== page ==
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First off today, Ernesto at Torrentfreak writes that NBC Universal has been sending notices to individuals suspected of file sharing that have included stern warnings about potential criminal action and other legal repercussions.
NBC is one of the copyright holders that is a part of the Copyright Alert System, which is a cooperative effort between copyright holders and ISPs to warn suspected file sharers of infringement and, after a series of four or more warnings, take limited action including throttling their acess. However, not all ISPs are a part of the system and, for those that aren’t, NBC has been sending out Digital Millennium Copyright Act (DMCA) notices, which are delivered to suspected file sharers.
Those notices strike a different tone than the ones sent through the Copyright Alert System, which are standardized and focus on educational efforts. The DMCA notices threaten strong legal action, including criminal enforcement and suspension of Internet service. This shows that NBC is taking a two-tiered approach, using a much softer hand with users on ISPs that are a part of the Copyright Alert System than those who are not.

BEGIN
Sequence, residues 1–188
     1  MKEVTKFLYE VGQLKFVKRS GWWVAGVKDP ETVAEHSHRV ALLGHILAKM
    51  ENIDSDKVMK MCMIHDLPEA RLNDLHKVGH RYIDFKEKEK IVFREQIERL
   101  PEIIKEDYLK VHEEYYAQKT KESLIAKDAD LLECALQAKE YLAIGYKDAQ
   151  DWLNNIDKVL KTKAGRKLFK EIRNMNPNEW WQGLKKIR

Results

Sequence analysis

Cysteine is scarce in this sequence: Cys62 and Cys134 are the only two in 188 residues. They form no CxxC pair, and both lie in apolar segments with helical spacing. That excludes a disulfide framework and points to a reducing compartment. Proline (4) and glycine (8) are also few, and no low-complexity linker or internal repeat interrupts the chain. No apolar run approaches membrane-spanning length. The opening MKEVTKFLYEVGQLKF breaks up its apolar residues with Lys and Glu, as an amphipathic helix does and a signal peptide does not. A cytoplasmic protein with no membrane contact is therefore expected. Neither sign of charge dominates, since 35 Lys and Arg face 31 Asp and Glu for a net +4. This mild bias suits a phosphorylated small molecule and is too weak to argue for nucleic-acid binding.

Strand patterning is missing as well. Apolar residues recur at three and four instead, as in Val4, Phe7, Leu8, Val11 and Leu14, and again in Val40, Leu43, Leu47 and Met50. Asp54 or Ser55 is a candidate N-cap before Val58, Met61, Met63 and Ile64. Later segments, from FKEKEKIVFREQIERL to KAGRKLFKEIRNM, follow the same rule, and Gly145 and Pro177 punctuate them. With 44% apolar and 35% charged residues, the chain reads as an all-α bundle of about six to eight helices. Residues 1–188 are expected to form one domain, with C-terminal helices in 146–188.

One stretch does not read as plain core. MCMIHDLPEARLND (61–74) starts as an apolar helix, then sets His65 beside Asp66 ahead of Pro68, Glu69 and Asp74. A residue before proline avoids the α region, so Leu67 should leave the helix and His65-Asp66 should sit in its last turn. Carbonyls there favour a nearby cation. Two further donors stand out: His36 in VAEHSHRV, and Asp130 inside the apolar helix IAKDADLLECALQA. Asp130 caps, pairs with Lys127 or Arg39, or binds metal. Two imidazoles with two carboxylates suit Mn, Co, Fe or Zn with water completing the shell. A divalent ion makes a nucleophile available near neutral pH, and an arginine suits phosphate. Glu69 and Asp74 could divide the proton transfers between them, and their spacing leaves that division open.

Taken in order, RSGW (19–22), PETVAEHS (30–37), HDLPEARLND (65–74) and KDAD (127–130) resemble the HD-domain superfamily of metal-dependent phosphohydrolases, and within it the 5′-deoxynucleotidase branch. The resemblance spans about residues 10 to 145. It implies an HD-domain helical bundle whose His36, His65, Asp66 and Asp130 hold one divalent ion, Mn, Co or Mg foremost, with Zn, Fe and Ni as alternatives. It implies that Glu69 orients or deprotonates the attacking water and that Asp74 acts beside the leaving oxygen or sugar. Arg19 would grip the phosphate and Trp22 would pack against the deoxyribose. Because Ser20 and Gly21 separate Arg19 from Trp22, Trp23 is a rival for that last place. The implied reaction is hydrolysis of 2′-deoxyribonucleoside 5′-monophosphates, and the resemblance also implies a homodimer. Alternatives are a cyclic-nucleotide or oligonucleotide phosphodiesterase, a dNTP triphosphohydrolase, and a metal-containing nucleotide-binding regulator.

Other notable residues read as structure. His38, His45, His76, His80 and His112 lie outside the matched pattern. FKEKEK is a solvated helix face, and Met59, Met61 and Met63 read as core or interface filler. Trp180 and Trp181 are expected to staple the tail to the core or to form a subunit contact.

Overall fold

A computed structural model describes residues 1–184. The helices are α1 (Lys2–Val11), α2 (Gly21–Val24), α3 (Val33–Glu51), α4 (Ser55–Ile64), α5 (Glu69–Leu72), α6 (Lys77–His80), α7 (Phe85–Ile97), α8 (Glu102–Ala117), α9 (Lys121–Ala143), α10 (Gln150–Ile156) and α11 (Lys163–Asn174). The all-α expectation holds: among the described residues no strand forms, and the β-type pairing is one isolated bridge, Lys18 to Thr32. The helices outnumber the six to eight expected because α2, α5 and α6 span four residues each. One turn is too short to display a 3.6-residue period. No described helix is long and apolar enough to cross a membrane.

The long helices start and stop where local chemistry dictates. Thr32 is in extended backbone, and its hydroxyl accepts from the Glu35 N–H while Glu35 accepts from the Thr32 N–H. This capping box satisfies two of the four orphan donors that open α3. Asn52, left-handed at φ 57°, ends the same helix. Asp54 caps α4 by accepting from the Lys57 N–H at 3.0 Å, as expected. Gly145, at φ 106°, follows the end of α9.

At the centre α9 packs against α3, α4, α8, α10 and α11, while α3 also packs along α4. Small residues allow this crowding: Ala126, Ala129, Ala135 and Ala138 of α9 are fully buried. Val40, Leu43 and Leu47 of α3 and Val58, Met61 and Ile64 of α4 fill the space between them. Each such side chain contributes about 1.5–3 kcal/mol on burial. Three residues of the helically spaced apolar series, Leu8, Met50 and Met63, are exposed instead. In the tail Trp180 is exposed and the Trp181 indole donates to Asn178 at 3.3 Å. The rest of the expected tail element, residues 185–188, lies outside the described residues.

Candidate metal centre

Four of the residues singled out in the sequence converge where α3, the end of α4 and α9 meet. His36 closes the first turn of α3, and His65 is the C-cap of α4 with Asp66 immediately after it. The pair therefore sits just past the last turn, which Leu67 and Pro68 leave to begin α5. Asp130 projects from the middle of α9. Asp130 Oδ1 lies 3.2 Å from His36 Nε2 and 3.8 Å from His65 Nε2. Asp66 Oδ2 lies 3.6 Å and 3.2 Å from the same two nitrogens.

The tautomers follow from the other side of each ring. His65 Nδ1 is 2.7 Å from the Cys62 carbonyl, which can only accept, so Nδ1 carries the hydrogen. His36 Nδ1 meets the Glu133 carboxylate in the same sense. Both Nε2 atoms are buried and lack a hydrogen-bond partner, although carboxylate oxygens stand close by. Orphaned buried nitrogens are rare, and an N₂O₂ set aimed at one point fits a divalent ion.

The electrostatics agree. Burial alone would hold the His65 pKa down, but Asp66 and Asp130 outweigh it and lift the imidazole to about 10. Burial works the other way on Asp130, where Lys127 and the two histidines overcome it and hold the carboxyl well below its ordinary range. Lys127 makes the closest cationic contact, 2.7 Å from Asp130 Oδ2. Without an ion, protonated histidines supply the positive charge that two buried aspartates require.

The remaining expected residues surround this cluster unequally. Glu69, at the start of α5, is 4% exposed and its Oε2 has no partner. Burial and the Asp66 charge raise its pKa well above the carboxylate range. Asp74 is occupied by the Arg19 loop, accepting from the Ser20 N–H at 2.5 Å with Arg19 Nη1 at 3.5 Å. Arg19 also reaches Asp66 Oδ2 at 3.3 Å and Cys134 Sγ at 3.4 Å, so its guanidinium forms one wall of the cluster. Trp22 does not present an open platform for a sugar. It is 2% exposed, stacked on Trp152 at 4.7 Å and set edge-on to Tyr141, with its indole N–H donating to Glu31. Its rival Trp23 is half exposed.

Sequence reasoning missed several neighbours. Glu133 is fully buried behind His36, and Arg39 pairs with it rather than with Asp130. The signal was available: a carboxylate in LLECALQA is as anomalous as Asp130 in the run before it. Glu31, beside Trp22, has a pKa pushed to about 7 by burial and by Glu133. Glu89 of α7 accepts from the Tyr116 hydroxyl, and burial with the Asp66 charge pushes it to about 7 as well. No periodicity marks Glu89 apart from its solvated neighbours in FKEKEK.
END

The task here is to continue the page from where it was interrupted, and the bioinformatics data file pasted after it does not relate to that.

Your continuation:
Next up today, Complete Music Update writes that new copyright legislation in Spain my attempt to target advertisers who have their ads appear on sites engaged in piracy.
The new legislation increases fines for sites that fail to remove copyrighted works after a notification and, more importantly, sanctions against advertisers whose ads appear on sites associated with piracy operations, handing down fines between 30,000 and 300,000 Euros ($38,314 to $383,140)
Details as to how the law would be enforced are not clear but the law comes on the heels of a site blocking provision bill that, while controversial for alleged censorship, has also been dubbed ineffective by many rightsholders.
Finally today, Scott Green at Cruchyroll writes that a Kickstarter crowd funding campaign for a fanzine of the popular japanese Manga Sailor Moon franchise was shut down following a copyright complaint by Random House, which holds the distribution rights in North America.
The fanzine, entitled “Moon Power” was to feature artwork based on the franchise from 45 fans of the series. The use of Sailor Moon characters in the artwork prompted Random House to file a DMCA takedown notice, citing copyright infringement.
The Kickstarter had raised some $8,500 in funding before it was closed.
That’s it for the three count today. We will be back tomorrow with three more copyright links. If you have a link that you want to suggest a link for the column or have any proposals to make it better. Feel free to leave a comment or send me an email. I hope to hear from you.
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